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Path Not Strewn With Roses

Path Not Strewn With Roses

Copyright Date: 1985
Pages: 96
  • Book Info
    Path Not Strewn With Roses
    Book Description:

    This book is a preliminary attempt to gather together some of the materials of fundamental significance to women's experince at this University.

    eISBN: 978-1-4426-5701-4
    Subjects: History, Sociology, Education

Table of Contents

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  1. Front Matter
    (pp. i-iv)
  2. Table of Contents
    (pp. v-v)
  3. Preface
    (pp. vi-vii)
  4. Acknowledgements
    (pp. viii-2)
  5. The Historical Context: Women in Higher Education
    (pp. 3-24)

    Women’s successful struggle for admission to University College in 1884 took place at a time when the question of whether or not women should obtain a higher education was being widely and heatedly debated. The debate was not taking place in isolation in Ontario, but was being conducted in most of the urban centres of Canada, the United States, and Great Britain. The subject was, of course, emotionally charged, and discussion tended to focus less on educational questions than on more general issues relating to ‘woman’s nature.’ Women, some authorities claimed, were not constituted to handle the rigours of the...

  6. Women in the federated Colleges
    (pp. 25-35)

    By the middle of the nineteenth century, increasing financial priority was being given by the provincial government to institutions of higher learning which did not have a religious affiliation – in particular, University College at the University of Toronto. Colleges with some religious affiliation, such as Victoria, which had been established by the Methodists, suffered from this change and many resented it.

    Because of increasing financial hardship and a shift in population from eastern to western Ontario, Victoria chose to federate with the University of Toronto in 1889 when the Federation Act was put into effect. It became the first...

  7. Women in the Professions
    (pp. 36-41)

    The system of medical education in Ontario before 1887 – the time of the University of Toronto Federation Act – was extremely complex. The Act made possible the creation of a Faculty of Medicine at the University, absorbing faculty and students from the Toronto School of Medicine. (The Trinity Medical School was later absorbed by the Faculty of Medicine when Trinity federated with the University of Toronto.)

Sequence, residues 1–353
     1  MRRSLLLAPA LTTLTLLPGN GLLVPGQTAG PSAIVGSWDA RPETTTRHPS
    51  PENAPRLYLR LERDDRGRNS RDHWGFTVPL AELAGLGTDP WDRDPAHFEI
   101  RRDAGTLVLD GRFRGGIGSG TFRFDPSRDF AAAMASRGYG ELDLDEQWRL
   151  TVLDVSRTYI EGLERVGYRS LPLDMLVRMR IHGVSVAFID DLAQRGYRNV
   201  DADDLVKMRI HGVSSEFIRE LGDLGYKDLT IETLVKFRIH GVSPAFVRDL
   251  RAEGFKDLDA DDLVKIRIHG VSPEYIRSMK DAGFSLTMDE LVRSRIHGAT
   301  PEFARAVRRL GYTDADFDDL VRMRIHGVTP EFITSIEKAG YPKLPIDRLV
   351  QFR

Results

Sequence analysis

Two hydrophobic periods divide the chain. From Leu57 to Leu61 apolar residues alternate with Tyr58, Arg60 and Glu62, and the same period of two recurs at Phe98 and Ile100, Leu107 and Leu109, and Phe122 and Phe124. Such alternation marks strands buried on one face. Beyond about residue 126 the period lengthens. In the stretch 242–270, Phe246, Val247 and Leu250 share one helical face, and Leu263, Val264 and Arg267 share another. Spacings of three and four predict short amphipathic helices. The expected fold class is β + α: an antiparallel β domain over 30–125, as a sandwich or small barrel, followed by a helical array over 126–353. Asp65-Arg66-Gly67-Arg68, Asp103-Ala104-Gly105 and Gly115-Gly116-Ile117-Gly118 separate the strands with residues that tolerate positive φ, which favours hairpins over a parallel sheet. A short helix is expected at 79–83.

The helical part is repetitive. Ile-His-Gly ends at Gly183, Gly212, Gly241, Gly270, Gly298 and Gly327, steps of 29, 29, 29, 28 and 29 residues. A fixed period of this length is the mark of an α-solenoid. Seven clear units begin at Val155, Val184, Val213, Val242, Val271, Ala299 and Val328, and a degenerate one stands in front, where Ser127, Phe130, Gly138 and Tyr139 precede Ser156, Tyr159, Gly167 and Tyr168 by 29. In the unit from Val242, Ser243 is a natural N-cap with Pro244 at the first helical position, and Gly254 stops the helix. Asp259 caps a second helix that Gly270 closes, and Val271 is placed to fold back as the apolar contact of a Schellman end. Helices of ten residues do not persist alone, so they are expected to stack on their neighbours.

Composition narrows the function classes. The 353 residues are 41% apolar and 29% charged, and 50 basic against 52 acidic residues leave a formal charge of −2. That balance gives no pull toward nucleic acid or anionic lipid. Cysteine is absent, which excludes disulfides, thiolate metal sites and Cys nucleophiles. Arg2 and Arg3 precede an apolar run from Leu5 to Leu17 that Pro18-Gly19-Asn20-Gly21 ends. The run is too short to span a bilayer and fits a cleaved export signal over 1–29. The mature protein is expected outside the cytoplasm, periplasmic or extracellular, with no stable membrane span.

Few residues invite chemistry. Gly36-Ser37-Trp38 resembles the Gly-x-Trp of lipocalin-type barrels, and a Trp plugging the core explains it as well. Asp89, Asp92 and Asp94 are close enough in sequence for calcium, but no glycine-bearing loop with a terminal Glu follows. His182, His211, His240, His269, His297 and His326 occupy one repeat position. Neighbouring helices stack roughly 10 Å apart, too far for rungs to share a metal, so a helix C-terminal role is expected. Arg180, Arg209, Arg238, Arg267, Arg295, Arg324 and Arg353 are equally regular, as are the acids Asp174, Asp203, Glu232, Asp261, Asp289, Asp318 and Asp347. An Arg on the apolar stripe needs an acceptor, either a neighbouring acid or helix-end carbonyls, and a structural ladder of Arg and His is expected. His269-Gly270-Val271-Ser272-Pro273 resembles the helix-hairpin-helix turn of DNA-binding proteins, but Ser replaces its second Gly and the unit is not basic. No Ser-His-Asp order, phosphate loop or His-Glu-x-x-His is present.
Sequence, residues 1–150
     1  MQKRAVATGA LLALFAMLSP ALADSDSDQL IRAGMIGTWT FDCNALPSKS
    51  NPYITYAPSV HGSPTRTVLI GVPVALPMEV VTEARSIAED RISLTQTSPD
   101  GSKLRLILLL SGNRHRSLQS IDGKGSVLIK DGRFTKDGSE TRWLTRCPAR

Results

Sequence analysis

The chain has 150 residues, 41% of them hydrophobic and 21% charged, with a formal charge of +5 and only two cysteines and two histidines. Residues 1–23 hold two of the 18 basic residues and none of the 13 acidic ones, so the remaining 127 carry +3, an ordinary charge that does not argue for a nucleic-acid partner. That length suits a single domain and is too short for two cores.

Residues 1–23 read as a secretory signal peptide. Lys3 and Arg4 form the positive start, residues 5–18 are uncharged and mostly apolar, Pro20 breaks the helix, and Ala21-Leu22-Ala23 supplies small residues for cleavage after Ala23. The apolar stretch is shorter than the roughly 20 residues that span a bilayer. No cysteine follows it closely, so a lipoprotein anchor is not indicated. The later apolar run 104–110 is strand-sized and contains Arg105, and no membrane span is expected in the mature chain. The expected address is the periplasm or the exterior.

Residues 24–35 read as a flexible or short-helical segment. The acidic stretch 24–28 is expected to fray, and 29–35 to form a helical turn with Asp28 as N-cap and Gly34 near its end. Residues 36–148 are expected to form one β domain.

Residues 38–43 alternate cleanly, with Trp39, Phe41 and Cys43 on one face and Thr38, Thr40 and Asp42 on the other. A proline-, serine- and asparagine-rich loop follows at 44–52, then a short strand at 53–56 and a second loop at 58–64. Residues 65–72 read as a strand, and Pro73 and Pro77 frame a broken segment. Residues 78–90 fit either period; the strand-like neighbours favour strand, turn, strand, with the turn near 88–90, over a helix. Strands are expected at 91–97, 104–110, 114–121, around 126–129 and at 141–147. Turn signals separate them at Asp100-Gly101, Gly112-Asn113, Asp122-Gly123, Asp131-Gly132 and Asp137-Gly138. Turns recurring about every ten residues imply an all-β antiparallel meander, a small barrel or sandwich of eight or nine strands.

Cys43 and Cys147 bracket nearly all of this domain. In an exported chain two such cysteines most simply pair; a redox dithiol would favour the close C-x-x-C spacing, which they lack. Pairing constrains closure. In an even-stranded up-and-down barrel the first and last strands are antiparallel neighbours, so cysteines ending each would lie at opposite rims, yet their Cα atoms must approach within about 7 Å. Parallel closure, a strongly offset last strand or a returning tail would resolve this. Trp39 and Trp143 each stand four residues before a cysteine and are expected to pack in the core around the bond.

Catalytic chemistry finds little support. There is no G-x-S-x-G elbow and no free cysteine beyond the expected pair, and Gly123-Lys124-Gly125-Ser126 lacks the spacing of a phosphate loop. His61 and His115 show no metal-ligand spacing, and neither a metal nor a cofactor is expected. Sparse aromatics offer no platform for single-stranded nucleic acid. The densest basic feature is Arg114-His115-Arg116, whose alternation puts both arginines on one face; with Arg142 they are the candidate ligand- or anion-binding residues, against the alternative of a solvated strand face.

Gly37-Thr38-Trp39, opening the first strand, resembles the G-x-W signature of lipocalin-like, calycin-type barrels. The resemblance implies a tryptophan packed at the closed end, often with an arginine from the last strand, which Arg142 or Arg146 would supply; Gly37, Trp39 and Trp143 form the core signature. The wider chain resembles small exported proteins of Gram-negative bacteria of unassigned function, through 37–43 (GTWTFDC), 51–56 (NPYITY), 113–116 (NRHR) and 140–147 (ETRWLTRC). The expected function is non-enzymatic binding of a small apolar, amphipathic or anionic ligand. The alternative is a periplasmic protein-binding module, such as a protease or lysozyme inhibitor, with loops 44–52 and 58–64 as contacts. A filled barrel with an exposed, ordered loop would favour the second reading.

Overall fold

When Emily Howard Stowe requested permission to attend lectures at the Toronto School of Medicine more than a decade earlier, her request was flatly denied. She was the first to challenge the all-male...

  8. Coming into the Twentieth Century
    (pp. 42-45)

    Though enrolment statistics for women at the University of Toronto increased steadily after the turn of the century, there remained a lurking suspicion about the female presence on campus. By 1905,152 women were registered at University College and items inThe Varsityof the day indicate that men were becoming annoyed by what they felt was increased competition for facilities on campus. A series of poems addressed to the ‘Chitty-chatty Co-ed’ appeared inThe Varsity, no doubt contributing to a growing rift between the men and women on campus. One reads:

    Lovely Venus came to college

    Made a buff at...

  9. Academic Progress of Women at U of T
    (pp. 46-64)

    Women who attended universities in the early part of this century were very exceptional people, particularly those who were entering fields which had been male domains of long standing. It is not surprising, therefore, that a considerable number of the first women students ranked high in their classes and received many of the University’s awards. And once the ph.d. programme was instituted in certain departments in the late nineteenth century, women again responded to the challenge and began working toward this degree. In 1903 Clara Cynthia Benson in Physical Chemistry and Emma Sophia Baker in Philosophy were the first women...

  10. Extracurricular Life
    (pp. 65-77)

    As early as 1916, women were talking of the need for a comprehensive building on the campus for women’s athletic as well as cultural and social activities. Even earlier than this, in 1911, when discussion had begun regarding the construction of the building which was to become Hart House, a motion was passed that a petition be sent to each college reading: ‘We, the undersigned, do hereby petition for a gymnasium in the Massey Memorial Hall [Hart House] for the use of women students at the University of Toronto.’ This effort had, however, little effect.

    The eleventh day of November...

  11. Notes
    (pp. 78-79)
  12. Chronology
    (pp. 80-88)